The further to the left or the right you move, the more your lens on life distorts.

Thursday, August 02, 2018

The Media and Trump

The media and Trump. It's an overworked topic, for sure, but it continues to fascinate. Trump is the first president in my lifetime who is willing to battle the media directly, call them names, impugn their integrity and otherwise demonize them for their obvious bias and overwhelmingly negative coverage of his administration. Although Trump's hyperbolic comments are undoubtedly unpresidential, any objective observation of the media's behavior over the past two years indicates that his sometimes outrageous condemnation of the media has significant grains of truth in it.

But what about the media? John Kass provides one of the best examinations of their attitude I've read recently:
... what is bothersome isn’t that reporters and many pundits don’t understand Trump. I really don’t know who does understand him. He wasn’t my choice for president.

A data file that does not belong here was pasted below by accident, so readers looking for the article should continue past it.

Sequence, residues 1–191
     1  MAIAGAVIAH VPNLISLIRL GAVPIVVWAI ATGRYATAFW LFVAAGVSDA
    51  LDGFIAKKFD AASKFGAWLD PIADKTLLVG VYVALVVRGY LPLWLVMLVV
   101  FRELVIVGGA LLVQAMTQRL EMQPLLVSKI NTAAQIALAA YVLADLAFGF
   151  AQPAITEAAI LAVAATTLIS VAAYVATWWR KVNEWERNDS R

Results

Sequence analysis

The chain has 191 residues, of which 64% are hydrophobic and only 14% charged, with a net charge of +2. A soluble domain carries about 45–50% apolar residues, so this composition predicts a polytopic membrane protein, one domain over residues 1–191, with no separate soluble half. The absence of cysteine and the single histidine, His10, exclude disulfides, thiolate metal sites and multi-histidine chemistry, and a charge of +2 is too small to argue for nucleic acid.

But what concerns me are his voters, our countrymen and women. That’s half of our nation. And what bothers me is that I really don’t think many in journalism want to understand them.

Shame them? Yes. Understand them? No.

But Trump’s voters know what put him in the White House. It wasn’t merely that Hillary Clinton was a lousy candidate. It was that Trump voters detested the crowd that backed her, loathed them; and those voters in turn were viewed as something to be stepped on, to be ridiculed for heresy.

By not wanting to understand them, I worry that journalism blinds itself to something very real, critical and, in the long term, dangerous in our nation: A simmering resentment against the establishment in much of red state America.

And it’s not going away even if Trump goes away.

What’s clear from the anti-Trump punditry is that Trump supporters are still detested; the working class, the suburbanites in high-tax blue states; the families in rural America, all painted with a broad brush and dismissed regularly by the pundit class as hateful, xenophobic and worse.